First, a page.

Flowers and Floriculture
A few early publishers, such as Christopher Plantin at Antwerp, attempted to reduce the cost of illustration by amassing a stock of flower woodcuts to be used in several publications. Examples of this method are found in Plantin's publication of Rembert Dodoens's Florum, et Coronariarum Odoratarumque Nonnullarum Herbarum Historia (1569), one of the earliest works to make a distinction between ornamental and medicinal plants. Illustrations for these early works were designed to be hand colored. Crispijn van de Passe's Hortus Floridus (1614), includes detailed descriptions for the coloring of each plate.
Special Collections holds over 200 titles relating specifically to flowers and floriculture, printed between the late sixteenth and the late nineteenth centuries. Over half of this collection consists of American works published between 1830 and 1900. The remainder is European, with British and French works predominant. Although flowers were cultivated in America from the earliest colonial times, flower gardening did not become widespread in this country until late in the nineteenth century. Prior to this period, the cultivation of food plants dominated American gardening and horticultural literature, and only with the growing prosperity of the nation after 1870 did Americans take to raising flowers as a standard part of their gardening activities. Nevertheless, growing flowering plants in early nineteenth-century America had a small, but active following. The idea that tending a flower garden was a frivolous endeavor compared to raising fruits and vegetables, or at best valuable for instruction in social and moral values, is reflected in A Treatise on the Cultivation of Ornamental Flowers (1828) by Roland Green, the earliest American book on floriculture. The work states that the cultivation of flowers is most suitable for the health and exercise of the retired; the teaching of neatness, order, and the value of labor to the young; and the cultivation of neatness, mildness, virtuousness, and correct taste in young ladies. Most flowering plants during this period were grown in pots and tubs rather than in open gardens, fostering a preference for small, short-stemmed flowers, such as camellia, bouvardia, and heliotrope. The colored frontispiece for The American Flower Garden Directory, mentioned above, is of Camellia japonica fimbriata, one of the most popular flowers of the time. Long-stemmed flowers, such as the rose, one of the oldest and most commonly grown ornamental plants in this country, did not achieve a popular vogue until after 1870. Nevertheless, a few works on rose culture appeared in print before 1860, beginning with The Rose Manual (1844), by Robert Buist. Perhaps the work that best represents the broadening interest in flower cultivation in late nineteenth-century America is Practical Floriculture, A Guide to Successful Cultivation of Florist's Plants, for the Amateur and Professional Florist, by Peter Henderson. This guide first appeared in 1869, and was revised and enlarged through numerous editions for several decades.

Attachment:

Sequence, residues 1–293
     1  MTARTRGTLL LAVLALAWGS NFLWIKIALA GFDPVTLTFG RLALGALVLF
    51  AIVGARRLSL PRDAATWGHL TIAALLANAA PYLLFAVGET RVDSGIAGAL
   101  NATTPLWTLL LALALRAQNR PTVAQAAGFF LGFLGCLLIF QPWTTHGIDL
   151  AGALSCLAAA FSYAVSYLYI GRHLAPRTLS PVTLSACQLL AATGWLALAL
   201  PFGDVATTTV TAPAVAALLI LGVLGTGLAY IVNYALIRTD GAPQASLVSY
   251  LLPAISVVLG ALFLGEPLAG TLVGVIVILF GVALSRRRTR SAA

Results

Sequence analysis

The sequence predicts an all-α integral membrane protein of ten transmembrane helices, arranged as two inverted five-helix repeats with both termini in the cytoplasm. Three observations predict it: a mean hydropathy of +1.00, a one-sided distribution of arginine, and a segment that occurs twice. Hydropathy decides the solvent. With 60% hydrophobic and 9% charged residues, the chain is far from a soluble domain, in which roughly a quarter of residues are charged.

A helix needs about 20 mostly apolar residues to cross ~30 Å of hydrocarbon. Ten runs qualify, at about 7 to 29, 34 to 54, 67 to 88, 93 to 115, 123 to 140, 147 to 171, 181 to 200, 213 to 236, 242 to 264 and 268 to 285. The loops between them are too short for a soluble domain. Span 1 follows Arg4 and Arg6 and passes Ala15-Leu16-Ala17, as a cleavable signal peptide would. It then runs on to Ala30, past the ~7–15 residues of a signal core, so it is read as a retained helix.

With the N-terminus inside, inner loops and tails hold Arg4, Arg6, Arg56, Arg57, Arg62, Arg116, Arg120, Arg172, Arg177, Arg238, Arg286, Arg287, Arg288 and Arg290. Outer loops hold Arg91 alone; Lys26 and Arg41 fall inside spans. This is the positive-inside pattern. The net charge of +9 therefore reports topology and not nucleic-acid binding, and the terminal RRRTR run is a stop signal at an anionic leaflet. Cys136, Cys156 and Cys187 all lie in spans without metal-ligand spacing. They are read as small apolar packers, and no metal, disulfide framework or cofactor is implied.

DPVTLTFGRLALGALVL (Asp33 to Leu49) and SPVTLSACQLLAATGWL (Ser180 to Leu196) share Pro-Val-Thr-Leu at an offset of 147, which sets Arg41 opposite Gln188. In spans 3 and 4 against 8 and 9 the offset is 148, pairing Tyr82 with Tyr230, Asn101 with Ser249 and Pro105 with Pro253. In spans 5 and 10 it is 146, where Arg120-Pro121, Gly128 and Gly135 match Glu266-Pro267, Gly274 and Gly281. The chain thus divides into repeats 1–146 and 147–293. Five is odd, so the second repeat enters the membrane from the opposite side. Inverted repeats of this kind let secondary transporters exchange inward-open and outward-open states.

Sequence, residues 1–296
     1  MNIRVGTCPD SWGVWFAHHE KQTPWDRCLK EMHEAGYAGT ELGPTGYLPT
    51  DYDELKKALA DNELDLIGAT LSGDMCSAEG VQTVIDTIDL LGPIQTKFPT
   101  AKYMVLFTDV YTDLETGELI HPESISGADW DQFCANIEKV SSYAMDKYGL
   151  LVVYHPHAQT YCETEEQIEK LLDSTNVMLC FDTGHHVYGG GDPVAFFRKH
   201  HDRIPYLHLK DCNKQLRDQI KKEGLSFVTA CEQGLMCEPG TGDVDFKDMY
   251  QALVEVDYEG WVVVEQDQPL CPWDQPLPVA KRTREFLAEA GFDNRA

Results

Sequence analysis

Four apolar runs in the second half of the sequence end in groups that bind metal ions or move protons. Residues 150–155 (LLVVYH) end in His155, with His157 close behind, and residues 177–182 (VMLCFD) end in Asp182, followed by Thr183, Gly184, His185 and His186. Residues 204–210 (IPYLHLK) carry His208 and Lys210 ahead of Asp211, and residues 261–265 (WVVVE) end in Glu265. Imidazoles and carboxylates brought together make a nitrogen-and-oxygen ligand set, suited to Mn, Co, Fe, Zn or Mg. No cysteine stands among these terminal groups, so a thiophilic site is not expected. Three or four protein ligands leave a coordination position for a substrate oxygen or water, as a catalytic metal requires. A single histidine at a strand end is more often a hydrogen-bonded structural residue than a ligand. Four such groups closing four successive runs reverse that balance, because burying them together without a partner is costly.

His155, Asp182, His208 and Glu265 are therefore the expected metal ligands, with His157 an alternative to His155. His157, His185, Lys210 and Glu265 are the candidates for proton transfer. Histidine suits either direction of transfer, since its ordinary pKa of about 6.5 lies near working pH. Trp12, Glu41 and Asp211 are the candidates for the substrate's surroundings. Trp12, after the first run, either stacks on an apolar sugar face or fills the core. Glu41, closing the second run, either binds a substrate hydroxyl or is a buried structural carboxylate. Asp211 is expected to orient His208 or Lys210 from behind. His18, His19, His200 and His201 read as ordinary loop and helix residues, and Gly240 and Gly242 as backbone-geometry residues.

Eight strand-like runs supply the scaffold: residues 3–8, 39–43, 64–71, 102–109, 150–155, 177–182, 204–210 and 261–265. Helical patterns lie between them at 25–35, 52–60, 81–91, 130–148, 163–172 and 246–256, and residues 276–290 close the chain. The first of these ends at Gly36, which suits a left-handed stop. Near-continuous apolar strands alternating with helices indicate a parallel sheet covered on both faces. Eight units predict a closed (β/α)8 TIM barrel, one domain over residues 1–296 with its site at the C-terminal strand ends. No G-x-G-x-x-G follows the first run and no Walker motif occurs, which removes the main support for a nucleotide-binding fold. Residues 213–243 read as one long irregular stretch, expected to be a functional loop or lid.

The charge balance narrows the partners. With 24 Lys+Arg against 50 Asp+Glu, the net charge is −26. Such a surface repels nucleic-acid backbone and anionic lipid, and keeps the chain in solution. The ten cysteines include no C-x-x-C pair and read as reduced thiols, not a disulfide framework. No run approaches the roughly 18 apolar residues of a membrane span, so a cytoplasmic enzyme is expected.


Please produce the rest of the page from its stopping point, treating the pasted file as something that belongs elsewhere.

Besides monographs on flower gardening, floriculture in nineteenth-century America may be studied through the catalogs of seed and nursery establishments, particularly those well known for flower seeds, such as Joseph Breck & Sons, Briggs Brothers Company, John Lewis Childs, Dingee and Conrad Company, and James Vick. Although no American magazines on floriculture existed prior to 1870, all horticultural periodicals devoted some space to the subject, notably The Horticulturalist and Vick's Illustrated Monthly. Toward the close of the century a few magazines appeared, such as The Mayflower, devoted wholly to floriculture.
A sub-genre of the flower book is the literary or moral tract on the language of flowers. Although consisting almost entirely of sentimental poetry and essays on the moral and religious significance of flowers, these popular works often included illustrations of flowers, a few rather elaborate, and had some influence in popularizing the cultivation of flowering plants. Special Collections holds over 100 titles relating to flower language and flowers in literature, principally published between the decades of 1830 and 1880. These illustrate the tastes and preferences in the flowers grown during this period.
Rembert Dodoens (1517-1585).
Crispijn van de Passe (1593-1667).
Consists of twenty-six elegies on flowers, illustrated with fifty-four engravings by Antoine Serrurier.
A florilegium of "The Garden of the Most Christian King Louis XIII." It includes detailed instructions for coloring the plates.
First published in 1665.
This anonymous work consists entirely of 100 hand-colored etchings of
flowers with brief descriptions of their culture and month of flowering.
Etienne Pierre Ventenat (1757-1808).
Illustrated with engravings of flowering plants by the Belgian-French botanical artist Pierre-Joseph Redouté (1759-1840).
This book was for many years the standard work on flowers for the American florist and gardener.
The first book by an American author on a specific flower. Sayers was also author of The American Flower Garden Companion, published in 1838, and two other books relating to fruit and grape culture.
The first American book on rose culture.
Charles van Ravenswaay Collection
Peter Henderson (1822-1890).
Rochester seedsman James Vick (1818-1882) expanded his quarterly seed catalog, the Floral Guide, into this monthly magazine. Each issue began with a chromolithographic frontispiece that was nearly always of a flower.
Charles van Ravenswaay Collection
The Mayflower. Floral Park, N. Y.: The Mayflower Publishing Co., 1885-1906.
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Last modified: 12/21/10